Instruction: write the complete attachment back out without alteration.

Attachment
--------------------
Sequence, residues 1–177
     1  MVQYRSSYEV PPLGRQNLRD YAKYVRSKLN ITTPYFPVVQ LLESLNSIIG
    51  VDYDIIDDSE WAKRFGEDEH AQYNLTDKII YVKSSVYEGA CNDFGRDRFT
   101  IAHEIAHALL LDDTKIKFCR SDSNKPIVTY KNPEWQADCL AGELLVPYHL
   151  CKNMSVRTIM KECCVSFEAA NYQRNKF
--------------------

Sequence, residues 1–177
     1  MVQYRSSYEV PPLGRQNLRD YAKYVRSKLN ITTPYFPVVQ LLESLNSIIG
    51  VDYDIIDDSE WAKRFGEDEH AQYNLTDKII YVKSSVYEGA CNDFGRDRFT
   101  IAHEIAHALL LDDTKIKFCR SDSNKPIVTY KNPEWQADCL AGELLVPYHL
   151  CKNMSVRTIM KECCVSFEAA NYQRNKF